Are you writing speculative fiction – stories spanning horror, dystopian, fantasy and science fiction? Then ensure your first reader is an experienced SFF editor to master your magic and future-proof your science fiction. Whether you’re focused on short stories or planning an epic saga, it’s a genre that requires very particular writing skills, and not any old critique group can give you the feedback you need to bring your idea to life and turn it into engaging literature.
That’s why so many writers choose The Novelry as they work on science fiction and fantasy, or other genres in the speculative umbrella.
Craig Leyenaar joined The Novelry from Titan Books, the famous publisher of science fiction, fantasy, horror, thriller and speculative fiction including graphic and comic novels. He’s ready to turn your writing dreams into – well – something bigger and better than reality. Over to Craig.
I’m excited to work with SFF writers
Hello everybody! It’s been a pleasure to see how many speculative writers there are here. And I want to say: I’m here for you. I’m here for the writers with the weird ideas, the silly ideas that you’ve not wanted to tell people about for fear of being looked down upon or thought of as ‘not a serious writer’.
I call bullshit on all of that, and I say: be proud of writing speculatively!
How do they feed all their dragons? How come that entire magical race that has existed for hundreds of thousands of years only has a single language and a monoculture? If they’re travelling faster than the speed of light how do they see where they’re going? How come everyone refers to The City as The City? Is there only one? Why?
To me, it’s the most imaginative and all-encompassing of all the genres. There’s nothing silly about it, and even if there is it can be seriously punchy. Hitchhiker’s Guide to the Galaxy and Terry Pratchett’s Discworld novels are just a couple of examples of serious literature written not-so-seriously.
And remember, the most successful stories of all time have all been pretty much speculative, right from the word go with the Epic of Gilgamesh. The two biggest-selling individual books of all time are fantasy titles. And nine of the ten top-grossing films of all time are fantastical in some way.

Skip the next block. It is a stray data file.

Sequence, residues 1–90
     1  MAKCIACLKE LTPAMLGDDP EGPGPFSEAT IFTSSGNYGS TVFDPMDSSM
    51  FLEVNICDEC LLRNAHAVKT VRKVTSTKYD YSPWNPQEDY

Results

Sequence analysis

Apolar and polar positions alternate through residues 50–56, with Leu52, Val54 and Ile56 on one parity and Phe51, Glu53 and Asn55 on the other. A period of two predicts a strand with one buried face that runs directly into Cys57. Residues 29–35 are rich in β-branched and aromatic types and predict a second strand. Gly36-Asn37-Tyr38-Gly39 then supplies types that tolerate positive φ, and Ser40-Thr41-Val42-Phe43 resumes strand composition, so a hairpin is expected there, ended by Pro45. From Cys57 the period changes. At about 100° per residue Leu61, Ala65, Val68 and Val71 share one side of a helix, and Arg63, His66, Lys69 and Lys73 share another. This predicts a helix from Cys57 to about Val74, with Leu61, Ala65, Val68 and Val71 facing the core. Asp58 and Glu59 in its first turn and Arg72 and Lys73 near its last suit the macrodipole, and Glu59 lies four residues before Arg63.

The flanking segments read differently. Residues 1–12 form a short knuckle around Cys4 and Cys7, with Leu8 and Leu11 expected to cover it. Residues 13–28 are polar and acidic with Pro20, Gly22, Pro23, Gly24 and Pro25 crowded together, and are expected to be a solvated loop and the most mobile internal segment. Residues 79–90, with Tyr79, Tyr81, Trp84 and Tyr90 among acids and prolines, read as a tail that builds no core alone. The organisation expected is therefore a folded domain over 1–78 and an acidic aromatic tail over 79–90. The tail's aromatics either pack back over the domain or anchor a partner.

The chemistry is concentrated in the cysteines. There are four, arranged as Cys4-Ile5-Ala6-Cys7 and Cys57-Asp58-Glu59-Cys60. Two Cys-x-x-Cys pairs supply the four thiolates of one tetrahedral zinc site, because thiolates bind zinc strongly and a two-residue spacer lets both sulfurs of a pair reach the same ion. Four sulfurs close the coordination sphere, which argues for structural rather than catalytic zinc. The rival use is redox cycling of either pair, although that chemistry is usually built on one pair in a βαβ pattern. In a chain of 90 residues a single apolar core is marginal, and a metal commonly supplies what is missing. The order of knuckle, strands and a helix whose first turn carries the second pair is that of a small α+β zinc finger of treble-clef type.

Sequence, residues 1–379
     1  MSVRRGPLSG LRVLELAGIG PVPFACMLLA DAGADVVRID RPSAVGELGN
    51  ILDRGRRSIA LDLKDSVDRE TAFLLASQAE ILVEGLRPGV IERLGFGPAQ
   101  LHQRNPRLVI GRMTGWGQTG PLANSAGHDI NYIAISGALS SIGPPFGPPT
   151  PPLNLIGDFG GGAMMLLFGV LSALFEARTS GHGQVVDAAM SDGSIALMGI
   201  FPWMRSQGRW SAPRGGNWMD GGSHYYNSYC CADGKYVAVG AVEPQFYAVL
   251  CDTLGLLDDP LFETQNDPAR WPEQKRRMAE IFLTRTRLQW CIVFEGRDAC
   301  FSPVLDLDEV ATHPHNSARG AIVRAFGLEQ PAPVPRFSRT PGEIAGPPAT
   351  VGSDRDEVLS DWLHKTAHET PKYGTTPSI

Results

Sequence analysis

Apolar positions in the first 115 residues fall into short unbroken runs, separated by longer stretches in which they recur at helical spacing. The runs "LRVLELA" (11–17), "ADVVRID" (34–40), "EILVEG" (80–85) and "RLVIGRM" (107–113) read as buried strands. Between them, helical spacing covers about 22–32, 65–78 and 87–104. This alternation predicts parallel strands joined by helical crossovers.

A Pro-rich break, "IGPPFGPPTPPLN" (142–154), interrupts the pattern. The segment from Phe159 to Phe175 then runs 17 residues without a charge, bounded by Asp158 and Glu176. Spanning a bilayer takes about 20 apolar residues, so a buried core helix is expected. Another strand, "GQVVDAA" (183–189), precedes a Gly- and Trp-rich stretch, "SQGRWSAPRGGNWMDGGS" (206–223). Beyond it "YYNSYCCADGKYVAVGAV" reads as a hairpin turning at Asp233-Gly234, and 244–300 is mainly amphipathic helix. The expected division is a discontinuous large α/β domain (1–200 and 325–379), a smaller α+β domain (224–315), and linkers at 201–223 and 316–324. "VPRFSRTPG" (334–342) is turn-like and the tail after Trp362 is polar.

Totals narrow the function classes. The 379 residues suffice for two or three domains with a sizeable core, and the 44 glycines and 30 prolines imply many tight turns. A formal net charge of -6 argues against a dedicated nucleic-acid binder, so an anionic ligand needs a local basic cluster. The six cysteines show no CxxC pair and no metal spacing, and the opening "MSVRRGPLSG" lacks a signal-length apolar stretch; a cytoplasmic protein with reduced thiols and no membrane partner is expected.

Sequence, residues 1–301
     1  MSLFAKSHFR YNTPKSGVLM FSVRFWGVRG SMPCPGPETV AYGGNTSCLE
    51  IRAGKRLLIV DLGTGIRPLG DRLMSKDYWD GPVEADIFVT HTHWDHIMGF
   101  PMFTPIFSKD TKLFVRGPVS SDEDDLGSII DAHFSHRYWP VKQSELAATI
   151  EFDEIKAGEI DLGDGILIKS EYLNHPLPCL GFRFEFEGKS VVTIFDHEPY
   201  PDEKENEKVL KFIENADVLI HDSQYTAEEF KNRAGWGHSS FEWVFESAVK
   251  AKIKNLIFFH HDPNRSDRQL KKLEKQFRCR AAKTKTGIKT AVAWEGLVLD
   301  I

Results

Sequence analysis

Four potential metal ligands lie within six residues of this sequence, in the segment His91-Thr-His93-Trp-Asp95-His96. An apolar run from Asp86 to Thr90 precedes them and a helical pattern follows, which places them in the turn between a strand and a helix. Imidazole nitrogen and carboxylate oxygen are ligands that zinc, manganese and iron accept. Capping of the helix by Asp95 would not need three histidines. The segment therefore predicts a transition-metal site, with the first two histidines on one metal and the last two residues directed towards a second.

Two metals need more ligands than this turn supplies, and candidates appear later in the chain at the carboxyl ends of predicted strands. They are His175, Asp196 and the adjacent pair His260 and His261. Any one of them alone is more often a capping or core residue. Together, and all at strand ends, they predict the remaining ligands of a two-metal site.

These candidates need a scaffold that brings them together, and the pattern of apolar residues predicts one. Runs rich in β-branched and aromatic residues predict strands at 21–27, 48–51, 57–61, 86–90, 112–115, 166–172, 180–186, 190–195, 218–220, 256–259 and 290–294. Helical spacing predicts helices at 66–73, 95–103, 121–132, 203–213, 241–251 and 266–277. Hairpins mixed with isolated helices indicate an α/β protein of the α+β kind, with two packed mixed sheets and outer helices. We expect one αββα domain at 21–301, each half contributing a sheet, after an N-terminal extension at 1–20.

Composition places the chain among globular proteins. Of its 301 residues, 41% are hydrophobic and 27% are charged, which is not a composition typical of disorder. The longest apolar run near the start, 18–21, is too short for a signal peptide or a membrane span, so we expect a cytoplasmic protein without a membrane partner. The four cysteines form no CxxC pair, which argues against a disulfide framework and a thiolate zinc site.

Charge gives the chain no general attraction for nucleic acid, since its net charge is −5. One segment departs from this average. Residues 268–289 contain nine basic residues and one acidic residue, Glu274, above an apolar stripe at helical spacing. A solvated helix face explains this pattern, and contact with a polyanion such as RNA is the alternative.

How I can help SFF writers
I’m here to provide editorial support, help, guidance, and cheerleading on your writing journey, as well as to provide insight into the weird and wonderful world of writing SFF.
Some of the areas I can help fantasy and science fiction writers with include:
- World-building (which is an entire series of posts on its own)
- Metaphor and allegory
- Subverting tropes
- The endless genres and sub-genres
- How long is too long when it comes epic fantasy
- Why the Chosen One should be chosen last
- Is science fiction just fantasy with plausible deniability?
- Committing to your story
- The Hero’s Journey as tragedy
- Insight into The Mysteries of Publishing
- The use and abuse of Proper Nouns in fantasy writing, or, when does the book become the Book?
I’m here for it all!
Why fantasy books and other speculative stories are so fascinating to me
As both a reader and editor, I’ve always found SFF’s fecundity endlessly fascinating.
Science fiction, fantasy and horror are frameworks in which you can tell any kind of story you choose. They’re environments in which you can play without restriction. Fantasy writers and other writers in the broad SFF genre have some of the wildest playgrounds to roam in.
And in fact, a writer doesn’t need to be hemmed into the speculative element that most intrigued them in the first place. Stories can blend the different parts of each of these genres; many published authors have done just that:
- China Miéville has said that he wants to write a story in every genre (Embassytown is hard SF, Perdido Street Station is a classic quest narrative, Railsea is YA, etc.)
- Zen Cho’s Sorceror to the Crown is a Regency romance with wizards
- Alastair Reynolds’s The Prefect is a police procedural
- Jonathan Strange & Mr Norrell by Susanna Clarke is alternative history
These are all such vastly different novels, it becomes strange to think of them categorised as simply science fiction or fantasy. And so, when it comes to SFF, I would suggest writing your story and then figuring out which genre it is later, perhaps through discussion with your writing coach (there will be one that fits, don’t worry).
How I discovered my love of stories
And now, I suppose I ought to tell you a little bit about myself.